I never weary of great churches. It is my favorite kind of mountain scenery. Mankind was never so happily inspired as when it made a cathedral.
– Robert Louis Stevenson
Today, I have been to Peterborough Cathedral with my class (in case I have not mentioned, I am training to be a Primary school teacher). This was my first visit to the Cathedral, despite living my entire 20 something years of life within 20 miles of it.
I know I am a bit of a history obsessive, I love the romance and the stories of time gone by. I love the notion of time and all the people that have seen and walked where I have. So, I know that I find Cathedrals and Castles and all historical buildings and sites to be more impressive than many people I know. I am the person who, for my 18th birthday, persuaded my Mum to take me to Althorp House (where Princess Diana grew up and is now laid to rest), for I love history. So, bear with me if this is not your idea of an exciting day trip!
A little about Peterborough Cathedral
Peterborough Cathedral began construction in 1118 (although on of my class though it might have been built in 1977, because “it’s really old and sort of rusty looking”), and took 120 years to complete. It was one of the tallest buildings in the area when it was constructed, and has many historical ties.
Our area (East Northants) is known for being particularly associated with the Tudor monarchy. Katherine of Aragon (Henry VIII’s first wife) died in Kimbolton Castle, around 30 miles from the Cathedral. She was buried within Peterborough Cathedral, and has a rather beautiful tomb that you can now visit.
Further, Mary Queen of Scots, has much of her story entwined with this area. During her trial for treason, she was sent to Fotheringhay Castle – which sadly no longer exists – in Fotheringhay village approximately 10 miles from Peterborough. She was found guilty and beheaded in the Castle, and her body buried within the Cathedral. Once James I came to the throne, he had his mothers body moved from Peterborough to Westminster Abbey. There is still a memorial to her within the building however.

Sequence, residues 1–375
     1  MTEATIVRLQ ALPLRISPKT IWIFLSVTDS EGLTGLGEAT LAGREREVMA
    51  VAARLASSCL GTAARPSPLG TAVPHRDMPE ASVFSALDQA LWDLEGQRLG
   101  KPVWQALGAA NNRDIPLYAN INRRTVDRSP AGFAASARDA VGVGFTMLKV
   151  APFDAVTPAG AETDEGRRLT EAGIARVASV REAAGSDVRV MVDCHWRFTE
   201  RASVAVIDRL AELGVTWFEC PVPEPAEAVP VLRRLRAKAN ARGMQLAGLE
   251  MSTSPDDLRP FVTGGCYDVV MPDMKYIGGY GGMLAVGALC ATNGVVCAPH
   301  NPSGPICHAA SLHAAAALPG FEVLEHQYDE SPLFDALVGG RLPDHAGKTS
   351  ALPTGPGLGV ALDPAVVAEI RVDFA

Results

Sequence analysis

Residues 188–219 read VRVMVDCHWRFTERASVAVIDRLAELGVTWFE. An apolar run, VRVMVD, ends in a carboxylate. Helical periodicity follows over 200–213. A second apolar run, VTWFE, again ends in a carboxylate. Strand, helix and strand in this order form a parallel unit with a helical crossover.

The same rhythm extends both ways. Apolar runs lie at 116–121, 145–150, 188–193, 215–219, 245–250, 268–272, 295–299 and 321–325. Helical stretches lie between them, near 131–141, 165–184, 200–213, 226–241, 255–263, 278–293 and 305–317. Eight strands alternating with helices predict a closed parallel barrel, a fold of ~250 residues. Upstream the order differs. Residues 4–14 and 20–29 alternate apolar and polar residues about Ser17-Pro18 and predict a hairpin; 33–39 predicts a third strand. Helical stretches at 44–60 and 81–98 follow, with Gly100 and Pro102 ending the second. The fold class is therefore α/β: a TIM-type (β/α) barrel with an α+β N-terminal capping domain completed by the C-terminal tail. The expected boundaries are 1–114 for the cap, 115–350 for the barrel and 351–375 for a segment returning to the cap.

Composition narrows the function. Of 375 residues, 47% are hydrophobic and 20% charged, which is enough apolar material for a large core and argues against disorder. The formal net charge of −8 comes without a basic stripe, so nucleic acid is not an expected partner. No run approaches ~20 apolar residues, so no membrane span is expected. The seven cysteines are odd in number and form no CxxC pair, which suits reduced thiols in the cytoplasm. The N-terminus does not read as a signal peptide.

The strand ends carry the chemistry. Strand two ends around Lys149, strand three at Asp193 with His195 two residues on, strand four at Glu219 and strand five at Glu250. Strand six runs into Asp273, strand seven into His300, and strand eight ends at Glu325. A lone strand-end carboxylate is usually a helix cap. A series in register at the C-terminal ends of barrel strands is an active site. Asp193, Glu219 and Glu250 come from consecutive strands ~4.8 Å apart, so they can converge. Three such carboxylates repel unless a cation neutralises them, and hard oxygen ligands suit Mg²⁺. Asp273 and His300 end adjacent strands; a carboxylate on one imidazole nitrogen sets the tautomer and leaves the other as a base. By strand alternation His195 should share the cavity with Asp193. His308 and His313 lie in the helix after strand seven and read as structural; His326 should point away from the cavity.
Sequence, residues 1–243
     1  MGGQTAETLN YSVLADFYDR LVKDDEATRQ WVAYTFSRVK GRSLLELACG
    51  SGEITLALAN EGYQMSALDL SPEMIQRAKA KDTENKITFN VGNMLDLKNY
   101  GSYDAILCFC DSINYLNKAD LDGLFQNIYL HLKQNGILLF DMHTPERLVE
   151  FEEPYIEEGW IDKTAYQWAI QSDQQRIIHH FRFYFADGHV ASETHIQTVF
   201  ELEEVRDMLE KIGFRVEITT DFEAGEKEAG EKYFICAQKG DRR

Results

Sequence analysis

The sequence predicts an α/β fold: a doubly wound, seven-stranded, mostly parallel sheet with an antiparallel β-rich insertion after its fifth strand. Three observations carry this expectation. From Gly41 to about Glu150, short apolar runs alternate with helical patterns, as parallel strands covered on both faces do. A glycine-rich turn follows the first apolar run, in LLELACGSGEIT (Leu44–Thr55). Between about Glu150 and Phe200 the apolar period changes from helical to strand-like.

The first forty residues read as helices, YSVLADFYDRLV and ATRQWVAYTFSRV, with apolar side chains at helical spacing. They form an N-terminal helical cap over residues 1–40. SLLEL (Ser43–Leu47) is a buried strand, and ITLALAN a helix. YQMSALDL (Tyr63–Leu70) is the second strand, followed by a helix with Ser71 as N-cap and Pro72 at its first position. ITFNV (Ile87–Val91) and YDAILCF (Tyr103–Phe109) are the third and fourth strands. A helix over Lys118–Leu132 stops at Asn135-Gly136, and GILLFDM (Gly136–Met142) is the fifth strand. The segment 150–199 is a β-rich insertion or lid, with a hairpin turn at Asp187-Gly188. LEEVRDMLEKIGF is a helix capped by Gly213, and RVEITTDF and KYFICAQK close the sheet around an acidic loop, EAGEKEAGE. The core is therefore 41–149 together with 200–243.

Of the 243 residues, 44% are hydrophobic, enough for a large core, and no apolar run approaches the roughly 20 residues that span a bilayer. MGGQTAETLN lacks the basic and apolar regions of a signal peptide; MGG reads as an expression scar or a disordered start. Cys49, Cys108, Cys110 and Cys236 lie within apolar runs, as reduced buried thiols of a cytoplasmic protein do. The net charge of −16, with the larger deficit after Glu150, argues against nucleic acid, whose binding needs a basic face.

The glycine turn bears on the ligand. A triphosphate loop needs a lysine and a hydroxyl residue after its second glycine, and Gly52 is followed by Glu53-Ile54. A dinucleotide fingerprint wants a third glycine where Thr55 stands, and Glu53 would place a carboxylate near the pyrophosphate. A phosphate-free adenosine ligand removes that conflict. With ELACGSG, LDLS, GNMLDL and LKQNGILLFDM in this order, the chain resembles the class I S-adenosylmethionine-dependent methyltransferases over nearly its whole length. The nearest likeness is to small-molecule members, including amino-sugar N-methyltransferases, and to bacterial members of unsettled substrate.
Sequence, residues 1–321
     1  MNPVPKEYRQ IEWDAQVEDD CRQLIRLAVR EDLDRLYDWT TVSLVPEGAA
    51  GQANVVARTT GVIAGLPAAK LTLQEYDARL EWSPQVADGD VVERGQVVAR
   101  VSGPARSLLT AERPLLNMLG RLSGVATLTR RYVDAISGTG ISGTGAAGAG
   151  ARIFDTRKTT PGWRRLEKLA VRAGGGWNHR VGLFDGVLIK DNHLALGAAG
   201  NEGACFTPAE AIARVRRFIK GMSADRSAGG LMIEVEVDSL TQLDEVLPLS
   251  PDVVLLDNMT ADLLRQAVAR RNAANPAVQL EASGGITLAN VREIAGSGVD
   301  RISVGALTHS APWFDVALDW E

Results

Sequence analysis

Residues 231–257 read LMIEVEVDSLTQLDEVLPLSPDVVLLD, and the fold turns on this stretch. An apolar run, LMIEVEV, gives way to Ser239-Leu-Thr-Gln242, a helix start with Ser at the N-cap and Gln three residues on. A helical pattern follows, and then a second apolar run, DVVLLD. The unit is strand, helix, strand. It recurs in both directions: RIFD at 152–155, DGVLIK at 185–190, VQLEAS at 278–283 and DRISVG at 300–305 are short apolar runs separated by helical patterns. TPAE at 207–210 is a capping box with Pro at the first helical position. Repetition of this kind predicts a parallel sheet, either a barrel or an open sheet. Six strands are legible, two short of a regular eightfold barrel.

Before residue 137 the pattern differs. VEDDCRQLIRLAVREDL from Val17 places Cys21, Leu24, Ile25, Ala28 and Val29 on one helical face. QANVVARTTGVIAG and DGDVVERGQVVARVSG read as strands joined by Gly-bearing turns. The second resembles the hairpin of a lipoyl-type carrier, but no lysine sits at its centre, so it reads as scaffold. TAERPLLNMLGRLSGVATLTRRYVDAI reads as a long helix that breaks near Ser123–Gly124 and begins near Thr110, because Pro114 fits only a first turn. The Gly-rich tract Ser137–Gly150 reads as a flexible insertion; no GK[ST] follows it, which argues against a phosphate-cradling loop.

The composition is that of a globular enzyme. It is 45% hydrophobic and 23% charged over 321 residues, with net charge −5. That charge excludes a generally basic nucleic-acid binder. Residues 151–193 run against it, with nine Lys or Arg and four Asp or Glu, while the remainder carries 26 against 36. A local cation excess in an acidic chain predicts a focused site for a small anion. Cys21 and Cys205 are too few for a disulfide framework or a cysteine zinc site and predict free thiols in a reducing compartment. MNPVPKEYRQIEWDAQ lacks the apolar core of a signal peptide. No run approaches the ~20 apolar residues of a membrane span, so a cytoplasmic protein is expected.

As you can see, there is history, real English history surrounding this building. Yet that is not what draws me in. The thing that does that is the craftsmanship, all the people that have been involved to make the building as incredibly beautiful as it is now.
If you are ever in this area, I don’t entirely know why you would be as it is not really a tourist hot-spot – in fact, it is not a tourist place at all. Yet, people do still come here – Americans regularly come to my village (Islip) as it is where the people from Islip, Long Island originated. Along with much of the Washington Family (but that is another story). Anyhow, if for any random reason you do make it to East Northants, then definitely go to see Peterborough Cathedral. It is stunning and majestic. It is a place of hope and peace. A place of history and religion. And a place that needs to be seen, for it is simply beautiful.
Please visit the Cathedral if you are in the area; or any near you. So often we travel to far away countries and continents and visit place of Worship, yet not in our own backyards. And this one is definitely worth a visit.
All photos are credited to Gary Ullah, as all my pictures contain children from my class (plus, he is a far better photographer than I am!)
For more information see Peterborough Cathedral. (And now I sound like I work for the tourist board!)